Paul Cronin

ZT Revisited

Am looking for suggestions as to what should be included in a ZT education program. Players in general are not seeing ZT in action often enough for them to become familiar with its workings, and I think we need to put together a primer on its mechanics. Ideas please!


Jeff LehmanMay 30th, 2012 at 12:31 am

With apologies, Paul, for not responding directly to your request … but I wonder if the bridge teachers of the world should, at some stage of their getting students ready for duplicate clubs, be teaching not only Zero Tolerance, but also something about bidding and play Breaks In Tempo and Unauthorized Information.

Those of us who read a lot about bridge and occasionally attend tournaments might pick up some useful knowledge on these important subjects, but my experience is that the club players have learned very little and that the club directors do not consider it an important part of their function to instruct on such matters. That’s a shame because the subjects can be brought up in a constructive manner such that the “offender” need not feel accused, at least by the director.

paul croninMay 30th, 2012 at 4:06 pm

Thanks for the ideas, Jeff – will incorporate same into the position paper I’m preparing.

Howard Bigot-JohnsonMay 30th, 2012 at 5:43 pm

Dear Paul , I know you don’t agree with my views but many outbursts by players , which would subject them to severe reprimands under ZT policies , DO NOT take into account the provocative acts by the so called innocent parties ( alleged victims ). If ZT is to become a major force within all bridge clubs then the priority should be tackle the cheats , the slow players , the needlers, and all those who use coffee house tactics and the like. Remove the cause of the problem and perhaps the number of petulant outbursts might be dramatically reduced.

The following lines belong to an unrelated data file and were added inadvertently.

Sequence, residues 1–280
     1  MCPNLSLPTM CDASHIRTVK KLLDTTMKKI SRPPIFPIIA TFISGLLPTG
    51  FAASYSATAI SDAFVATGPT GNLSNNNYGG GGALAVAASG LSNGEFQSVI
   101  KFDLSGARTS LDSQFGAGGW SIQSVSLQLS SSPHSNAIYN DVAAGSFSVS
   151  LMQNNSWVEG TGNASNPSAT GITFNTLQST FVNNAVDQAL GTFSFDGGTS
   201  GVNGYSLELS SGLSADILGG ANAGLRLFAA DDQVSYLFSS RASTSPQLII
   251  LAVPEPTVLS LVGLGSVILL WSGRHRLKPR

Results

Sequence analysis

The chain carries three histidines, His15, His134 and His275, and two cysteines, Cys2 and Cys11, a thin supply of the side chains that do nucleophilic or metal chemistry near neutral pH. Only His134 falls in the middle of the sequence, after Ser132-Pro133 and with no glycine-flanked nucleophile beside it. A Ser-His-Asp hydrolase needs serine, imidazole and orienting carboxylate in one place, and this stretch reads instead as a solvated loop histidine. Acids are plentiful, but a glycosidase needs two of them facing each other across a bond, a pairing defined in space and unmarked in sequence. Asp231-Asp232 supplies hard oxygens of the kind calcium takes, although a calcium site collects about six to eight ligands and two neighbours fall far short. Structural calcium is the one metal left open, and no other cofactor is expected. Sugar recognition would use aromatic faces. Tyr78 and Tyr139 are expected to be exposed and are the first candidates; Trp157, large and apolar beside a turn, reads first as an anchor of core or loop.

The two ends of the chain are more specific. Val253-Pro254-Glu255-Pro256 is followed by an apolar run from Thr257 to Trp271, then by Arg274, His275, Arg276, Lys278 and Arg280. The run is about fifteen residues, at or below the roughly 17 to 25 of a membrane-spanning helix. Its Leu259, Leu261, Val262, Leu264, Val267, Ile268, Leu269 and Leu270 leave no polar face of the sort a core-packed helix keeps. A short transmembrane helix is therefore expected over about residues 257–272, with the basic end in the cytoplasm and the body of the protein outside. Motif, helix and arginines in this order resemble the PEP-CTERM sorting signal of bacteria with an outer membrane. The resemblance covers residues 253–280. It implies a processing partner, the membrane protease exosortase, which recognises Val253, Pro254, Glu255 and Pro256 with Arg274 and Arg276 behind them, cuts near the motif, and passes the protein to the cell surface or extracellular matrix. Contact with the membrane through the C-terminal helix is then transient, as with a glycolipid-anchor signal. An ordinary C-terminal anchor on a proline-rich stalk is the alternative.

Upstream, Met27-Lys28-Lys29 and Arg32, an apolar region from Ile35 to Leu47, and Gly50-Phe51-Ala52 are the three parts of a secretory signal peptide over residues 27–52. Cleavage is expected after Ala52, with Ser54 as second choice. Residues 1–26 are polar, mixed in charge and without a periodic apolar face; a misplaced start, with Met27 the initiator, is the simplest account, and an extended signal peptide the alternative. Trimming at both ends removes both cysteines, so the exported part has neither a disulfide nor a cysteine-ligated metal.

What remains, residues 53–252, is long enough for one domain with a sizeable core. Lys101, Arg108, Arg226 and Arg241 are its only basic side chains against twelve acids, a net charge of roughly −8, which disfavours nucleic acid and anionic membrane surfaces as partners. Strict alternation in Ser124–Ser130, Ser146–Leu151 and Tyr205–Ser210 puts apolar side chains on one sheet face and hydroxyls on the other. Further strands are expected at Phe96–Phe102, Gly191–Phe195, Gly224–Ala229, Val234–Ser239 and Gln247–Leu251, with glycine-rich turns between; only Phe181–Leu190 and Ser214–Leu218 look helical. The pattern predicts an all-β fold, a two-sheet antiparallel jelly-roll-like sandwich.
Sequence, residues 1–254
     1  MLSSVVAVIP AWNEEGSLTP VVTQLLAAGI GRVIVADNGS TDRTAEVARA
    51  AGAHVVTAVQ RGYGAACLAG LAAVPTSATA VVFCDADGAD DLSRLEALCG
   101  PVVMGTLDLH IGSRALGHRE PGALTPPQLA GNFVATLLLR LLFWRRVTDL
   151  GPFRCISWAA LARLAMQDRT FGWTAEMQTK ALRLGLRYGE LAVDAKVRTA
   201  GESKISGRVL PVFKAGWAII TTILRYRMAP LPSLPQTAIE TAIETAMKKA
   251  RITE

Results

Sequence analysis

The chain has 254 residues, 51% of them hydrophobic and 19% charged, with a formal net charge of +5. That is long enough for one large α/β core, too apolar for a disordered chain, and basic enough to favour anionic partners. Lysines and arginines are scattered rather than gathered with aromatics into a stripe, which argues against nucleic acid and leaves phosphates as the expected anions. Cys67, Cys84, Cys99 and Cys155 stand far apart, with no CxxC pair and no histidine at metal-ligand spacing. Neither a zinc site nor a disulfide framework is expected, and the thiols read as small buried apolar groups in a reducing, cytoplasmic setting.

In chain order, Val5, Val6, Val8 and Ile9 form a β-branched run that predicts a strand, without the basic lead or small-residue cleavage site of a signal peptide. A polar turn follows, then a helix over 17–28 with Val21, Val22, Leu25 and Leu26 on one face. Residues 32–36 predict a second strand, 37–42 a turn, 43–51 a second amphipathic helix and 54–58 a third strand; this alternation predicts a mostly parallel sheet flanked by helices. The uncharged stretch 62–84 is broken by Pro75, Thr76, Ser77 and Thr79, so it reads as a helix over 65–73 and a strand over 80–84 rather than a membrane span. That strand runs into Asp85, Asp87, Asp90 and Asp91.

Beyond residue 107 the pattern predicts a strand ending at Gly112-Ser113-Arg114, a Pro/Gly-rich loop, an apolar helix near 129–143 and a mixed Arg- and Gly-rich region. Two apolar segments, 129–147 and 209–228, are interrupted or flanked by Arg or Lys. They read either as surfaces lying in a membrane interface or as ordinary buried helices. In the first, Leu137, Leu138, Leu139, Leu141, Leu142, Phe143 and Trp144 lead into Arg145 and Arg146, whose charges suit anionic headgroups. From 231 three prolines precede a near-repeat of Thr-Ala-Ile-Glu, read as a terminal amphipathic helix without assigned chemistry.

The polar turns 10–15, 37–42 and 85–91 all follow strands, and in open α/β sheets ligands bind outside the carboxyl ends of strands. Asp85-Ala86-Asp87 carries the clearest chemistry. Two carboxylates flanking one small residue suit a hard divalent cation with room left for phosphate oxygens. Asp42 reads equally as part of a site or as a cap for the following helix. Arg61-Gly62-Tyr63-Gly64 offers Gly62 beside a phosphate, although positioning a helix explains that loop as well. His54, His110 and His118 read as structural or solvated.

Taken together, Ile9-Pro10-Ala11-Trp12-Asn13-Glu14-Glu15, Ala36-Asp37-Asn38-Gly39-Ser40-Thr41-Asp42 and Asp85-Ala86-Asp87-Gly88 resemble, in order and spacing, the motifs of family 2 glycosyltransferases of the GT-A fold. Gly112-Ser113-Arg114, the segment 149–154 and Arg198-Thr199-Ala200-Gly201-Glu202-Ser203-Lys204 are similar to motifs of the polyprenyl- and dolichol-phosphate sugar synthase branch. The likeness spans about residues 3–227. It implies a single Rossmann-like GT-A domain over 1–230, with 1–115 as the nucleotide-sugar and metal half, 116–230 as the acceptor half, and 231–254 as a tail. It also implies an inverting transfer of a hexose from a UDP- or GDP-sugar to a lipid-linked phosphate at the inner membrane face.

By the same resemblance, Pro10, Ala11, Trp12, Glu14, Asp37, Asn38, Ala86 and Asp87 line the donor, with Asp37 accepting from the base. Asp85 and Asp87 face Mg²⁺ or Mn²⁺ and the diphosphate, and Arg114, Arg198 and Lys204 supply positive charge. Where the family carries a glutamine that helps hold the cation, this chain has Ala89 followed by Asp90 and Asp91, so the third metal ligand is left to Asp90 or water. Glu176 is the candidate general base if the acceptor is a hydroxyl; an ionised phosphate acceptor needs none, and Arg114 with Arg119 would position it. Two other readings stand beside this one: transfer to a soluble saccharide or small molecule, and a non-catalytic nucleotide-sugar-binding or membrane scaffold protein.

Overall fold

The times I’ve had to bite my lip , count to 10 , and hold my breath are innumerable , and being a gentleman who doesn’t want to cause a scene or an unnecessary fuss , I prefer let to things ride. But should my patience go one day as I fall victim yet again to a blatant hesitation designed to convey a lot of unauthoriised information, please allow me once to blow my cool before calling over the TD.

JUDY KAY-WOLFFMay 31st, 2012 at 12:09 am

I agree with Jeff 1,000,000%. It is the responsibilities of the mentors to teach their potential players manners and etiquette. Honor to the game and their peers should be uppermost on their list of priorities. By the time it reaches the club level, it is too late. Owners do not want to lose players (paying customers) and many let the issues slide to not insult the newcomers and keep them coming back. There are some exceptions — but few and far between.

That is why we have reached the stage we are in. Too little — too late. It is a difficult situation to reverse.

paul croninMay 31st, 2012 at 2:48 am

Hi Howard,

Many thanks for your thoughts -always appreciated!

I believe, very strongly, that where ZT is concerned, there is no justification for misbehaviour. Whatever anyone does, we have to keep calm, and say nothing except “Director, please”. We cannot plead that we were provoked into misbehaviour. Even if you believe, and could prove, that someone is cheating – that still doesn’t allow you to publicly call that person a cheat. And if you did so, that would be a very serious ethical offense. What someone else does is not, under any circumstances, licence for us to misbehave.

Howard Bigot-JohnsonMay 31st, 2012 at 5:09 am